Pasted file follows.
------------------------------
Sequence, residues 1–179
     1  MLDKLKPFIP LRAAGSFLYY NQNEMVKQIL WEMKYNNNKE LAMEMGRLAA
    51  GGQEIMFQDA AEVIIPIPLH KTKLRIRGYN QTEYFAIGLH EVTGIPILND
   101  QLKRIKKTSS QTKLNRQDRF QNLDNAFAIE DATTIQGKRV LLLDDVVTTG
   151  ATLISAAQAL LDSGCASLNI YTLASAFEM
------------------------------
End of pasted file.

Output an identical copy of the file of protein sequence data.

Sequence, residues 1–179
     1  MLDKLKPFIP LRAAGSFLYY NQNEMVKQIL WEMKYNNNKE LAMEMGRLAA
    51  GGQEIMFQDA AEVIIPIPLH KTKLRIRGYN QTEYFAIGLH EVTGIPILND
   101  QLKRIKKTSS QTKLNRQDRF QNLDNAFAIE DATTIQGKRV LLLDDVVTTG
   151  ATLISAAQAL LDSGCASLNI YTLASAFEM